Regardless of hardware preference, it seems as though people can’t get enough of stories about Apple. While this is partially due to the company’s success, the interest stems mostly from the secrecy that cloaks the Apple’s decisions and processes; people want to know what went on behind the closed doors of the House that Jobs Built. Whenever an ex-Apple employee speaks up on their time at the company, we listen.
This time its Mark Kawano, a former senior designer at Apple who worked on Aperture and iPhoto before becoming a user experience evangelist helping third-party iOS developers build software that fit the iPhone’s nascent app ecosystem. Kawano’s candid interview with Fast Company runs counter to many commonly held notions about Apple’s design process, namely that it has the best designers.
“I think the biggest misconception is this belief that the reason Apple products turn out to be designed better, and have a better user experience, or are sexier, or whatever . . . is that they have the best design team in the world, or the best process in the world. It’s actually the engineering culture, and the way the organization is structured to appreciate and support design. Everybody there is thinking about UX and design, not just the designers. And that’s what makes everything about the product so much better . . . much more than any individual designer or design team.”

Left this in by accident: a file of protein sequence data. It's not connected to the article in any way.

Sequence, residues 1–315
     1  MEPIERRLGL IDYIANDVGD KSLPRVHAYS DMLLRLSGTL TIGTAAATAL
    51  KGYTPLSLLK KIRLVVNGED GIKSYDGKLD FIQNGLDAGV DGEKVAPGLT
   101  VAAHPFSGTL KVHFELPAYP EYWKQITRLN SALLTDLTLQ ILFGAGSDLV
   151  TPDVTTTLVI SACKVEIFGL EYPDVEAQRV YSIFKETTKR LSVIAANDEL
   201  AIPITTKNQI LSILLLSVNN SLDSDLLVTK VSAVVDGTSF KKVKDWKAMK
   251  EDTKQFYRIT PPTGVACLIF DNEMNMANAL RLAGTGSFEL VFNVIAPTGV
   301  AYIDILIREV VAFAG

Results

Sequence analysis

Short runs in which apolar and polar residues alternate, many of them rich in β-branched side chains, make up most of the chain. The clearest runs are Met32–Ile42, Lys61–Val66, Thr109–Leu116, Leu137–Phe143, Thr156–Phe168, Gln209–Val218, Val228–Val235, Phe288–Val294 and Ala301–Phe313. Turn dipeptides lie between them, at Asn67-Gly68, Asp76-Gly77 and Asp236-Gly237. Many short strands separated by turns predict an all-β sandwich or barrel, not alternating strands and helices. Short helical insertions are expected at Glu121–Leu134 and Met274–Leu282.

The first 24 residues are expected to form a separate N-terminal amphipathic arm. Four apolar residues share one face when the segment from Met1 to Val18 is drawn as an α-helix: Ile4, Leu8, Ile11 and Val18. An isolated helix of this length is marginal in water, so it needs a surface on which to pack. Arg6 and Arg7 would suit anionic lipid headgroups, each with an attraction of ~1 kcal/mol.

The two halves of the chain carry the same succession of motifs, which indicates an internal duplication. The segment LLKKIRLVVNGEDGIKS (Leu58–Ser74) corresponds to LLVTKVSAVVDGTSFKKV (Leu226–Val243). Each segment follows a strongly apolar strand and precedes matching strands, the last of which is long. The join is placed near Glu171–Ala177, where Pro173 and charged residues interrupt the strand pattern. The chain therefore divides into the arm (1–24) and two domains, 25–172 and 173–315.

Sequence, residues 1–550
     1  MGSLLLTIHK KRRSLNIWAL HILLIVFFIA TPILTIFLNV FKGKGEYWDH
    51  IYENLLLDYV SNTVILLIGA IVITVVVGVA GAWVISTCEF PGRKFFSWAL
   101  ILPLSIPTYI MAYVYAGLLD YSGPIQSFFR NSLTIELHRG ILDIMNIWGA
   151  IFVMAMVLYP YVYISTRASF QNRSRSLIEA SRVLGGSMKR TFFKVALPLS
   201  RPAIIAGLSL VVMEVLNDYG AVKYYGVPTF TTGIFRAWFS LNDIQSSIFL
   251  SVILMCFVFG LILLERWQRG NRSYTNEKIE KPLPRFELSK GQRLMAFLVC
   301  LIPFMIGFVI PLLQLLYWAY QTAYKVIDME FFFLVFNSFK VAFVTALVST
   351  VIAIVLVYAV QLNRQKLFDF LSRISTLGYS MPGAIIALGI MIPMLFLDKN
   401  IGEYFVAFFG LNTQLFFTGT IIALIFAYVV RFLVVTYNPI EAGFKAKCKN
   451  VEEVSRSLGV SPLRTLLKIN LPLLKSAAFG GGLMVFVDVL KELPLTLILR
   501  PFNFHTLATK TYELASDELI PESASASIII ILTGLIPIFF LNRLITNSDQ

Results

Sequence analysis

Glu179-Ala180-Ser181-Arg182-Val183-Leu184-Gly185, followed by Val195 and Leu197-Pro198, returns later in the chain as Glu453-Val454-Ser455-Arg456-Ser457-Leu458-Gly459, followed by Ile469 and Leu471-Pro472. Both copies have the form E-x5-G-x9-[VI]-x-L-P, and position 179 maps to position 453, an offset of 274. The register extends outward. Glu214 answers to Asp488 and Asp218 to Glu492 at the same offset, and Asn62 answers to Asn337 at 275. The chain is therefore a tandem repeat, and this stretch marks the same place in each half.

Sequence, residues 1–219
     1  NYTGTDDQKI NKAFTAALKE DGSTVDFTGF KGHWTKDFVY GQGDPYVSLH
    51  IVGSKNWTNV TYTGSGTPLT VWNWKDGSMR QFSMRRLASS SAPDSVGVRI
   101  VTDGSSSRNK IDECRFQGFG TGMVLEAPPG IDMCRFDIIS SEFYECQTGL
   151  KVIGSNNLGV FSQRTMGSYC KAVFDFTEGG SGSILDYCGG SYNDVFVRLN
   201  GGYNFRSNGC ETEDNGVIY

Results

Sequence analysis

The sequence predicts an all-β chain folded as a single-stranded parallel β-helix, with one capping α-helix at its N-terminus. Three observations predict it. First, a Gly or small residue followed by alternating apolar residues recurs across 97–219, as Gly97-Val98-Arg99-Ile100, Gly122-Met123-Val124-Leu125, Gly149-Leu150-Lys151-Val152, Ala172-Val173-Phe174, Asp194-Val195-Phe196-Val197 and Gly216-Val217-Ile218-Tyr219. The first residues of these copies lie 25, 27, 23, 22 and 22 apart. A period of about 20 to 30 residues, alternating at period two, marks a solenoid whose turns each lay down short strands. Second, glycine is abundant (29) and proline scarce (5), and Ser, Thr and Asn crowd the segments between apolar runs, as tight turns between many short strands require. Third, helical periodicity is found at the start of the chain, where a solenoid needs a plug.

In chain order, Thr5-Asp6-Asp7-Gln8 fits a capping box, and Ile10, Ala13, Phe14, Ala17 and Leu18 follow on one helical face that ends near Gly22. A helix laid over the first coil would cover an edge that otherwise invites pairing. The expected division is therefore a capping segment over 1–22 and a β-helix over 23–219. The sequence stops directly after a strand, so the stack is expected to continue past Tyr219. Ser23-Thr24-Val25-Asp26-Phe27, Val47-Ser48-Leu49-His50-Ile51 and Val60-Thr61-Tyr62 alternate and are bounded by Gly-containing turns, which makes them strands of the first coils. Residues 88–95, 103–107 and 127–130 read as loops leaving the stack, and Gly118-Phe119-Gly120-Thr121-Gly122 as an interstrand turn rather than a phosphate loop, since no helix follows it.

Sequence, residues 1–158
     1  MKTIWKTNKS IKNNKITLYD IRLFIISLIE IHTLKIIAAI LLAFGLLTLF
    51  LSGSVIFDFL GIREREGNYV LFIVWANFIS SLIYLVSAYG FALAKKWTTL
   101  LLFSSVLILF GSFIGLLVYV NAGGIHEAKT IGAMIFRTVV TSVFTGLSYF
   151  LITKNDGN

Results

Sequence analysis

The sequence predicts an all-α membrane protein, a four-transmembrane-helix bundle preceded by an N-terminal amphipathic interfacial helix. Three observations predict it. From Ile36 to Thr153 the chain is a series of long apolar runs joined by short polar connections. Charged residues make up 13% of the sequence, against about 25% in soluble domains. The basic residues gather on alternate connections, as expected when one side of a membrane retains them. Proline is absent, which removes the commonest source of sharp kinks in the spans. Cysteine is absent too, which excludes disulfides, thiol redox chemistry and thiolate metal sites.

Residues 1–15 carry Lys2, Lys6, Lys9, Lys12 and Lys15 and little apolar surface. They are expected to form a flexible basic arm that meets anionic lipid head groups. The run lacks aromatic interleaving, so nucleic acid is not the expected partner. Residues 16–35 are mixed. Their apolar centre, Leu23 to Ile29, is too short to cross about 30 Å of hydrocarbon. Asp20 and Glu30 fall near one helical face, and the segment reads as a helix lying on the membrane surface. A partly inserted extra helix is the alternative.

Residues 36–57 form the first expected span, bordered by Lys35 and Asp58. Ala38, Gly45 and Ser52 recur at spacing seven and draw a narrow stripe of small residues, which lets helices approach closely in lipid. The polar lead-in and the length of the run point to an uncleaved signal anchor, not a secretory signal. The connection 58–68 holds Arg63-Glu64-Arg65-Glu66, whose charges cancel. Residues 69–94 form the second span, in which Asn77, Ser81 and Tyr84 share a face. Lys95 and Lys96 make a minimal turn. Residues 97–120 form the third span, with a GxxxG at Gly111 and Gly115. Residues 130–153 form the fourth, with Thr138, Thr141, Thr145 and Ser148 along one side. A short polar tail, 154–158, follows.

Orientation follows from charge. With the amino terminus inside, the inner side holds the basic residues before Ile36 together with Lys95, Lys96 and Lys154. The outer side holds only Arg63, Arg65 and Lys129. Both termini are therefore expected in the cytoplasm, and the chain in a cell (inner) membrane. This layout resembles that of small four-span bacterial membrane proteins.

Kawano also revealed that Apple’s design teams are much smaller for core products than at other companies – with as few as 100 designers working on a project. Teams were filled with highly capable generalists able to play a variety of design roles throughout the process.
Of course, no Apple story would be complete without a Steve Jobs story, and Kawano argues against the notion that Jobs was scary to work for.
“The reality is, the people who thrived at Apple were the people who welcomed that desire and passion to learn from working with Steve, and just really were dedicated to the customer and the product. They were willing to give up their weekends and vacation time. And a lot of the people who complained that it wasn’t fair . . . they didn’t see the value of giving all that up versus trying to create the best product for the customer and then sacrificing everything personally to get there.”
The complete Fast Company interview is worth a read and can be found at the source link below.